Waste to Energy Companies - 2012 survey
Renewable technologies, including solar, wind, tidal/wave and geothermal, seek to capture the plentiful forms of energy that are currently being frittered away by Mother Nature. A few technologies, though, are seeking to turn lead to gold, figuratively speaking; they're finding ways to capture the energy in the stuff we discard and transform it into fuel that we can use.
A friend of a friend of mine who worked at Changing World Technologies first exposed me to this idea a few years ago. Using a process called thermo depolymerization (TDP), primarily organic feedstocks (like turkey offal) can be processed to yield fuel oil. Its first plant converts 250 tons of turkey waste into 20,000 gallons of oil and fertilizer (the nitrogen-based by-products of the process), at a cost of $80 per barrel. Keep in mind that petroleum (Brent crude) is currently selling at over $100 per barrel.
Innovation in the world of waste has continued. Here are a few other companies I was able to find that are innovating in this space:
- Enertech Environmental: Converts sewage into a solid energy form (called SlurryCarb) that can be used in a manner similar to coal. The process removes the bulk of the water through a more efficient mechanical process, rather than boiling/evaportation. A plant coming online later this year in southern California will convert solid waste from 5 municipalities around Rialto into 145 tons of SlurryCarb daily. An existing company facility has been operating successfully in Japan for years.
- Solena Group: Uses sodium bicarbonate, a waste by-product from coal plants, to grow algae, which is gasified to create a feedstock for electric power plants. The company is in discussion to put up a 40 MW plant in Kansas using its technology.
- GreenFuel Technologies: Also grows algae for biofuel, although using CO2 from flue gases. Companies that would otherwise have to pay for the sequestration of CO2 can, according to the company, create a profit by growing algae and selling it to biofuel reformers. The algae can be converted to biodiesel through transesterification and ethanol through fermentation of the remaining biomass.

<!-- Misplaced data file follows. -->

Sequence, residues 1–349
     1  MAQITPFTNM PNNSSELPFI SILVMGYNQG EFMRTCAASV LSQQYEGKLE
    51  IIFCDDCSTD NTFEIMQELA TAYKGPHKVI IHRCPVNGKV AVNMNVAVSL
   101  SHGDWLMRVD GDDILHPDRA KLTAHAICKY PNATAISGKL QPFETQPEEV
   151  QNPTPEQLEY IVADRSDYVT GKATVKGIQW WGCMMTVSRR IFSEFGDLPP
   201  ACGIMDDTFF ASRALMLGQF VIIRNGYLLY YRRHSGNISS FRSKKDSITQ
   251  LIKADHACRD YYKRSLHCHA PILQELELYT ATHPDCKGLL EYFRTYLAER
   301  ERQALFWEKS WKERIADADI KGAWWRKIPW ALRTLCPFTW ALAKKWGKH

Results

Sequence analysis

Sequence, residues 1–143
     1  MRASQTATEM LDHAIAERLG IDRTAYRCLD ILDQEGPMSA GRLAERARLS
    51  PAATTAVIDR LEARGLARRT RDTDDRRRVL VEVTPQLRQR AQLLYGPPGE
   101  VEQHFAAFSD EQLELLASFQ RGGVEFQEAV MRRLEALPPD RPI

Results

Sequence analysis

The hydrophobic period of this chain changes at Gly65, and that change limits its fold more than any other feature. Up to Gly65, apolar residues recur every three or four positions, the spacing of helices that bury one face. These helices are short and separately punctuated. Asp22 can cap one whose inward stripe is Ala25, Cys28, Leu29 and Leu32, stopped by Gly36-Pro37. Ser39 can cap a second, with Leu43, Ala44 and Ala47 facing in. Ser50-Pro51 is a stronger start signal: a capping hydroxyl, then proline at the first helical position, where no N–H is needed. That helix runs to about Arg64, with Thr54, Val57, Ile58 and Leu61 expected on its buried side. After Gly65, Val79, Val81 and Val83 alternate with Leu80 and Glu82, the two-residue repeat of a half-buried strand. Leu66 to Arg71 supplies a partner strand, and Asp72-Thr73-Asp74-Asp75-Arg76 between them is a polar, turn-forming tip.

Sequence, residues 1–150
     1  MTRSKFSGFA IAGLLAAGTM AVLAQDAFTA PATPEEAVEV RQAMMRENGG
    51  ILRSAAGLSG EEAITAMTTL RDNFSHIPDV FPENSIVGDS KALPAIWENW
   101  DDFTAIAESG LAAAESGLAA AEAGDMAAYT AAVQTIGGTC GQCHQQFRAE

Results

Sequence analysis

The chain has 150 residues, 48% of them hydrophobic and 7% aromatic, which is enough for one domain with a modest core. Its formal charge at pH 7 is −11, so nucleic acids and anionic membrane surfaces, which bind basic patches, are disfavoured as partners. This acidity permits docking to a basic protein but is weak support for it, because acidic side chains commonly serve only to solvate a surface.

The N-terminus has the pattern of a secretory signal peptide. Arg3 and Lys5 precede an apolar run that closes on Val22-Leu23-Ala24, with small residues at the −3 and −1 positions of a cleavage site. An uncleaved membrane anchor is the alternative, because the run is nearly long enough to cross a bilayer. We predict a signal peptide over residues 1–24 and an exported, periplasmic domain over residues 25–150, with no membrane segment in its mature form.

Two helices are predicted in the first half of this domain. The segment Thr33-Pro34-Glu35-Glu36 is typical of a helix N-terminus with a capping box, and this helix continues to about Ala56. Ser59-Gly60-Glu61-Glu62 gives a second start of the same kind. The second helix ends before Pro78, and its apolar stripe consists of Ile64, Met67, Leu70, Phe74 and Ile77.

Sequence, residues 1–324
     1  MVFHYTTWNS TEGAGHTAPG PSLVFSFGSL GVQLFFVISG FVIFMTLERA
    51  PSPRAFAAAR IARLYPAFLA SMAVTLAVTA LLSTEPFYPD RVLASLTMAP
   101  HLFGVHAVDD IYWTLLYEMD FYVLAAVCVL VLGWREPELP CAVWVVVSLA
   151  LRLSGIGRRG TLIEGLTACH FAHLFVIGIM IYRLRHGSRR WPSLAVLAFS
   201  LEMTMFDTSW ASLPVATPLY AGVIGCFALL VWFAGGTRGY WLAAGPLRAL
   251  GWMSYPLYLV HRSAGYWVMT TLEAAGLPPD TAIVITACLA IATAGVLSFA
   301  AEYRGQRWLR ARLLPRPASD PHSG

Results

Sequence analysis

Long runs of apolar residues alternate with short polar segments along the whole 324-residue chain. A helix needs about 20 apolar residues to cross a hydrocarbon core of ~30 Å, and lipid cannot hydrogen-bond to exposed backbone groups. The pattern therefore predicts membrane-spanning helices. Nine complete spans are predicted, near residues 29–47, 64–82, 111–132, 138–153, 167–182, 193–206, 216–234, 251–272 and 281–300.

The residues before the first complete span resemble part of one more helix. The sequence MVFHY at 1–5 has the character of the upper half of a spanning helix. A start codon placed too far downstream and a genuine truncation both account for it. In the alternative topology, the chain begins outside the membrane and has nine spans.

- Blue Marble Energy: Uses algae cultivated in polluted water to create biodiesel and ethanol. Should be a boon for China, which has no shortage of the stuff.
- BlueFire Ethanol: Converts biowaste to ethanol using concentrated acid hydrolysis. A $30 million plant due to be installed in southern California by the end of 2009 should yield 3.2 million gallons of ethanol annually.
- Poet Energy: Uses primarily corn cobs to produce ethanol in a low-temperature process. Its 65 million gallon per year plant inaugurated in Indiana last year is the largest ethanol production plant in the world.
- Coskata: This company's process converts organic feedstocks into syngas via gasification technologies, and then proprietary microbes convert the syngas into ethanol. After proving the viability of its technology through a 40,000 gallon/yr plant early next year, it plans on scaling to a 100 million gallon/year plant elsewhere by 2011.
- DuPont Danisco: Uses corn stover and sugarcane bagasse, agricultural wasteproducts, to create ethanol. A joint venture between DuPont and Genencor, its 250,000 gallon/year demonstration facility in Tennessee opened in 2010.
- Mascoma: Uses wood chips as the source of cellulose to produce ethanol. It has recently decided to build its first facility in Michigan, in part funded by the state.
- International Tech Corp: This Eugene, Oregon, based firm markets a pyrolytic waste-to-energy thermal recovery unit (TRU), that grinds up organic solid or liquid feedstocks and gasified under very high temperature. A video explaining its process is available to the right.
- GreenLight Energy Solutions: This San Francisco-based company also offers a pyrolysis-based technology that claims to be the only one capable of breaking down carcinogenic dioxins and furans, with conversion in the 90-98% range.
Are flue gas, corn stover, sugarcane bagasse, wood chips, turkey offal, and municipal waste the only feedstocks with which to produce biofuels? Not even close. In fact, a recent study suggests cow manure processed anaerobically could supplant 3% of the US's electricity production and erase 4% of the carbon dioxide which would have otherwise been created by coal-fired production.
I think all of this innovation is fascinating, and deserves the tax incentives they need to get past the very high bar set by the low price of coal (provided there aren't any taxes/penalties assessed on high-CO2 coal use). The products produced recently from solar energy—food scraps, wood chips, algae, sewage, and municipal waste—ought to be recaptured so we can allow coal and petroleum to continue to sequester CO2 underground.
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